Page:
Something funny happened after the off-screen plane crash. "Heroes" actually gained a sense of direction again.
I have to wonder if it has something to do with writer/consulting producer Mark Verheiden. Verheiden is perhaps best known for his solid contributions to early seasons of "Smallville" and, more recently, critically and fan acclaimed episodes of "Battlestar Galactica" (including the recent masterpiece, "The Oath").
What "Heroes" needed was a touch of the chaotic, the feeling that events are spiraling out of control and lives are changing forever. The premiere for this volume set the stage for the changes seen here, but little else. This is when the overwhelming nature of the circumstances starts to sink in for everyone involved, and that adds some much-needed tension.
As mentioned in the review for the previous episode, the main shift in the story is the nature of the organization hunting down the metahumans. It's not some private company with a vested interest in keeping things quiet, run by metahumans with a desire to prevent future reoccurrence of old mistakes. This is the federal government controlling a potential threat. Government is seldom known for its subtlety.
Nathan is already getting the hint that the soldiers assigned to this little roundup are led by a man without restraint. Daphne's death (and Claire's momentary imitation of Swiss cheese) should have been an indication of how bad it could get. Nathan and Noah can make all the demands they want; these soldiers are not going to hold back. It's already bad enough that I'm counting down the episodes until Nathan himself is forced to go on the run.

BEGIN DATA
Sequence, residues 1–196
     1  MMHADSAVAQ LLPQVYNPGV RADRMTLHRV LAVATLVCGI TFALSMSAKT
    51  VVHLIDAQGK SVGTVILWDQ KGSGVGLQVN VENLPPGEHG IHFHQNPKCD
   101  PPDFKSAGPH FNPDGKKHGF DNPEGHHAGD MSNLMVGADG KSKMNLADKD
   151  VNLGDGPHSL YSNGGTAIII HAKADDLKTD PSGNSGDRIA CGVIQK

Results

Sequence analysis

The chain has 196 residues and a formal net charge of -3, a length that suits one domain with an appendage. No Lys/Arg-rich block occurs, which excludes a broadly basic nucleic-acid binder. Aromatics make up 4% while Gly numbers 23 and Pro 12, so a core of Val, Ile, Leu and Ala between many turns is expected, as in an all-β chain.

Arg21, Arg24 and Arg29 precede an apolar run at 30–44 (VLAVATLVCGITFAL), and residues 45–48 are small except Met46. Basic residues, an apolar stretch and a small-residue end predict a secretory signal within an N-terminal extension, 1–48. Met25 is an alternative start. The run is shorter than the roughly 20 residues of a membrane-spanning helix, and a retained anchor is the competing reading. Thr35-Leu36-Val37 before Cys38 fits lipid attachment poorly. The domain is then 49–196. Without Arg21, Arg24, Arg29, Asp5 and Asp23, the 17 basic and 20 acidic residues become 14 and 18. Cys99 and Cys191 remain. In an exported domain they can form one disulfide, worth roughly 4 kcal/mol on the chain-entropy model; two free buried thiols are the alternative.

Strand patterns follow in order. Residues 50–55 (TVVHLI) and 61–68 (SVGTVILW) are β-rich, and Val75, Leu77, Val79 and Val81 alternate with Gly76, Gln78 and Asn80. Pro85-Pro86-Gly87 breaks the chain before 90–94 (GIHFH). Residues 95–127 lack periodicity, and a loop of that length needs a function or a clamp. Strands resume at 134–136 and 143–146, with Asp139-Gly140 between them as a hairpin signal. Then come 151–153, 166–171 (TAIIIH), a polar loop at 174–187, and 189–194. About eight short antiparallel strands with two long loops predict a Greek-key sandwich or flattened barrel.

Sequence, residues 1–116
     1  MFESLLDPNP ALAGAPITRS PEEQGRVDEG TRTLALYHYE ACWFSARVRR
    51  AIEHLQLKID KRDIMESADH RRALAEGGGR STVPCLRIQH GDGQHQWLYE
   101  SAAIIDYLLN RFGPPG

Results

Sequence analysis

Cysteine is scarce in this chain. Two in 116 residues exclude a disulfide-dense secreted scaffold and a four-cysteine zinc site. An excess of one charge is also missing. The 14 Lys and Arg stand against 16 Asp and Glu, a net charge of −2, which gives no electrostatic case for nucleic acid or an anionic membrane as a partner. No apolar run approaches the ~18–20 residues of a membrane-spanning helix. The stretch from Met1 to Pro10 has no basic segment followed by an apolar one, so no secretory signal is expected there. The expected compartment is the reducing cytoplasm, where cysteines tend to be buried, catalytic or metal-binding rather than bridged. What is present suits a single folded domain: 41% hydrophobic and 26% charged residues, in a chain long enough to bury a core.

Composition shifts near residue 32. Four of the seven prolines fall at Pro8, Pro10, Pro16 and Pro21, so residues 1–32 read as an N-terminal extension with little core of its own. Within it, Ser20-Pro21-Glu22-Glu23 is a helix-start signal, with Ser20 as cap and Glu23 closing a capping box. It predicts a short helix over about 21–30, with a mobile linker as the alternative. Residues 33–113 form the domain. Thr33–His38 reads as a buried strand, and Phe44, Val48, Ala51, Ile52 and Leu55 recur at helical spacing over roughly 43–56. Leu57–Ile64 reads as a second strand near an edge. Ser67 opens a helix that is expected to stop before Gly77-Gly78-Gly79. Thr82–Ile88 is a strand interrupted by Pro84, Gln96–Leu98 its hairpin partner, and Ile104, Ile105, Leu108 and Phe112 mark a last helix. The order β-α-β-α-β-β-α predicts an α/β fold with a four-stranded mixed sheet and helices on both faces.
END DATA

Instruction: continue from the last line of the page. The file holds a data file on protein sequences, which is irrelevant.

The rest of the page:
While someone had to die for the stakes to be raised, I'm a bit annoyed with the decision to kill Daphne. It's designed to push Matt into a darker direction. Daphne was already the victim of unfortunate storytelling during the third volume (where her conversion to "good" was the exact opposite of "show, donât tell"), so this is just the icing on the cake.
There are also lingering problems with the treatment of abilities. It's not at all clear how Matt could or would develop Isaac's ability on top of his own, and it feels more like the desire to hold onto a convenient plot device than a necessary element of the story. Hopefully this will be explained before much longer.
Peter's ability, on the other hand, has finally been adjusted into more manageable territory. It might be that this "one power at a time" limitation is a temporary state of affairs, but for now, it eliminates the problem of having a hero with too much power and control. The writers were always trying to find ways to hobble him so the plot could remain viable. (The same was also true for Hiro, but the removal of his ability resolved that problem.)
The bottom line is that the familiar characters are now facing a new kind of threat. They are faced with the choice of remaining out of the public eye and struggling for survival, or making the public aware of the civil rights violations taking place right under their nose. If Nathan is threatened by his own initiative, he would be the perfect (and ironic) choice to lead to a public unveiling of metahuman existence. Then again, it would be even more interesting if the metahumans were forced out of hiding by the emergence of an even greater threat.
Sylar's character gets a bit of indirect restoration in this episode. While his personal genealogy project is still a bit repetitive for its own good, his encounter with Luke and his mother is the highlight of the episode. It also flies in the face of the notion that he has an irrepressible hunger to kill. He even makes a snide comment to Luke about his supposed addiction! It's interesting that Sylar didn't just rip the information out of Luke's mind; it suggests he has some other purpose for him, based on his rebellious attitude.
Keeping Verheiden on the writing staff, especially once Bryan Fuller returns, w